A debate about stellar composition prompts a lighthearted recollection of a folk story around the coffee machine.
  • ‘The Origin of the Pleiades” — in this story a young man falls in love with one of seven beautiful sisters who live in the sky. To marry her, he must go there with them. He does, marries her, and that explains why one of the seven sisters is fainter in the night sky: she is staying back with her husband instead of joining fully in their celestial dance.

    A simplified chemical model predicts that a certain variance in emission spectra between two stars can be attributed to a certain difference in composition; another scientist disputes the validity of the model and, as a counterexample, tells this story.

Project Topic Brainstorm

(I’m not so sure how I feel about these, but it’s a starting point.)

  • Greek Gods Workplace Drama: (This is a terrible, no good, way-too-cheesy idea, but…) I’m imagining something along the lines of the workplace mockumentary of The Office or Parks and Rec, but with the fraught relationships and responsibilities of the Greek (or Roman) pantheon. I have a fairly general sense of the Greco-Roman gods and their roles, so I wouldn’t be going into this blind.

    I’m not sure exactly how one writes in the style of Parks and Rec, but I do think it could be done. By offsetting character’s commentary typographically from the “action,” possibly in a two-column format, I think a similar effect could be achieved. It could even be styled as “comments” on the main text by the characters, though that starts to look more like social media than I’d like it to. (Has anyone else noticed that satisfying stories, even those written today, almost universally do not include cell phones, social media, or the social internet?)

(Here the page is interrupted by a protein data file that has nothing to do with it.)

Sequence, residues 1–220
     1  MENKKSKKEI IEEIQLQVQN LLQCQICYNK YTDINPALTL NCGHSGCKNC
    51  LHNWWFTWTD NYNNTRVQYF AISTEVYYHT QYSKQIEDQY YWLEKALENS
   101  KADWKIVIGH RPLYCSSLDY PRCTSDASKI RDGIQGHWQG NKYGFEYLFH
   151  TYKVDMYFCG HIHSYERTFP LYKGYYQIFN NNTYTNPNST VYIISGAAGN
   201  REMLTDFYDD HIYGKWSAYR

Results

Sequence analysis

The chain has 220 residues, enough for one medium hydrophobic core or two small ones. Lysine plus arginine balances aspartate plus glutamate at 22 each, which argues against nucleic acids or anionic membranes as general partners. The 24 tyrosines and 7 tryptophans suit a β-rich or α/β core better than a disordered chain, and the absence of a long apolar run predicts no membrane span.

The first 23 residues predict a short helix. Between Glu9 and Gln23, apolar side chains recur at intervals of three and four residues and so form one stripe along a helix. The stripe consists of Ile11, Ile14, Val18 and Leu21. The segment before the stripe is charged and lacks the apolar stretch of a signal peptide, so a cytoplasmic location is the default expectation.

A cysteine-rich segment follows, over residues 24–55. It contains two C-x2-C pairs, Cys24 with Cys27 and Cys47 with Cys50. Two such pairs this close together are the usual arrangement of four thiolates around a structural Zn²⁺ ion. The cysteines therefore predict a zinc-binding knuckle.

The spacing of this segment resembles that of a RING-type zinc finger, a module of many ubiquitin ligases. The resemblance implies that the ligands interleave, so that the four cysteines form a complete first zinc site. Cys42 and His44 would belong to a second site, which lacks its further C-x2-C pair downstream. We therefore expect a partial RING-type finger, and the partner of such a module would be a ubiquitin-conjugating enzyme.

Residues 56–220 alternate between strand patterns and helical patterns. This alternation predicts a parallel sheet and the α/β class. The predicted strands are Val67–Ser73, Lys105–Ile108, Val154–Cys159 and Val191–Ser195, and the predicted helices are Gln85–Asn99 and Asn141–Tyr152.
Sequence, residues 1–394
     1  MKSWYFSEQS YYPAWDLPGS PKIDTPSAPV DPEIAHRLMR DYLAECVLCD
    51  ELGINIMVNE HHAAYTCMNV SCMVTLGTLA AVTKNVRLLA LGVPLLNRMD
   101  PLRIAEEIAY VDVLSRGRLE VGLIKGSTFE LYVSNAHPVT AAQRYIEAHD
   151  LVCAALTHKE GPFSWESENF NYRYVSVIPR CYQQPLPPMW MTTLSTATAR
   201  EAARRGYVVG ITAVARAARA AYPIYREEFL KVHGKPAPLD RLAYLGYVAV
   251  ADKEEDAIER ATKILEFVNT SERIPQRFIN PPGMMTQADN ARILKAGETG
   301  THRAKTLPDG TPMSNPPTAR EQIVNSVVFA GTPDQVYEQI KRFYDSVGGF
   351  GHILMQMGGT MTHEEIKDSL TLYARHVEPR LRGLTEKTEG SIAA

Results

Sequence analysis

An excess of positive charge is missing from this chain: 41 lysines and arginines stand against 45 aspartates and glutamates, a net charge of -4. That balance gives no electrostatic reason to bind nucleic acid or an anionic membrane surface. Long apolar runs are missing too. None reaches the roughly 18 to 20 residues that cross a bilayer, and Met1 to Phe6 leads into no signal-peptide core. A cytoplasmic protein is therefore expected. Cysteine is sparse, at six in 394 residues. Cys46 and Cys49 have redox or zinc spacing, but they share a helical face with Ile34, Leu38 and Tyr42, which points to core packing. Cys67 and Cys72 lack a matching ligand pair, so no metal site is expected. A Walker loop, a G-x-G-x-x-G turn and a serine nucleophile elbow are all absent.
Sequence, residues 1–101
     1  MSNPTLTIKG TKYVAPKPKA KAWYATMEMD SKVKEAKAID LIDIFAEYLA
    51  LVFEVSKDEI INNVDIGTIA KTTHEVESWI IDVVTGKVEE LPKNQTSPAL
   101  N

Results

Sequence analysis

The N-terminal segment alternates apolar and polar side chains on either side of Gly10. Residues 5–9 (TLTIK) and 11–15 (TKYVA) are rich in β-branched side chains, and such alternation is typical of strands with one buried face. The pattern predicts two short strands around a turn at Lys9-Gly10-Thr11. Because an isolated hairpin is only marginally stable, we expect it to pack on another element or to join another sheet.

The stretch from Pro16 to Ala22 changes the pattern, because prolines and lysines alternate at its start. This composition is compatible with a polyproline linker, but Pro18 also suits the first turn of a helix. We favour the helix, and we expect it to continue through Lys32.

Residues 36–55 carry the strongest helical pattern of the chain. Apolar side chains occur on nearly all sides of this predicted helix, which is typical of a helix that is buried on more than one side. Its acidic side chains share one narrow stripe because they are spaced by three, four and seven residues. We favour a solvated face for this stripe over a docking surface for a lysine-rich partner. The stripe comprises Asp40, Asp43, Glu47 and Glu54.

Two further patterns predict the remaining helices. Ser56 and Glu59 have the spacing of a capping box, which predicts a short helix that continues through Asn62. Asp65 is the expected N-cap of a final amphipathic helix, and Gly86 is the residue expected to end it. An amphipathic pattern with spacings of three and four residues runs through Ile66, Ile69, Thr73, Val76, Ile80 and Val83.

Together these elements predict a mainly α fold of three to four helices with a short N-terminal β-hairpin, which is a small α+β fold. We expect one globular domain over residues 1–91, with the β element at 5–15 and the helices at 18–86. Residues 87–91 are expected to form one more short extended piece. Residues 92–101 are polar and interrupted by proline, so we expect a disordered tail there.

A seemingly helpful summary on their familiar relationships can be found here.
  • Origin Stories of the Moon/Constellations/Planets: A young, rather dogmatic, and recently educated physicist or engineer is hired by an astronomy lab (or telescope, imagine Arecibo). They make some pretentious comments/display a great deal of unjustified and dogmatic certainty, and a (possibly strange and quirky) senior scientist decides to tell a bunch of fantastic and mythic stories about the cosmos to disabuse the youngin’ of their hubris.

    Possible sources include (from the UnTextbook): The Folklore of Laos (origin of lightning), a Jataka tale about the disappearance of the moon, a Laos folktake on the origin of the moon, Filipino Popular Tales (why the sun is brighter than the moon), a Bengali folktale about Saturn, and so on.
The Arecibo Radio Telescope’s reflector dish. (Image from Wikipedia.)
  • Animals Tell Their Own Stories: In a similar vein, a field biologist, frustrated, idly wonders out loud to an animal where it came from. To their great surprise, the animal gets up and tells the story in perfect human speech (sourced from someone or other’s myths). Another option is that the biologist has a series of surreal dreams…

    Possible sources: Filipino Popular Tales (why the mosquito hums), etc.
  • Height: David, Goliath, and other Tall and Short Friends and Foes: I find something entertaining in the idea of various short and large mythical and traditional figures commiserating about the hardships of being 4’1″ or 9’2″. Possibly coming in pairs, if I could find enough pairings, otherwise just the contrast and some kind of frame story about who has it harder.

    Possible sources: the story of David and Goliath (see heading “David and the Giant”).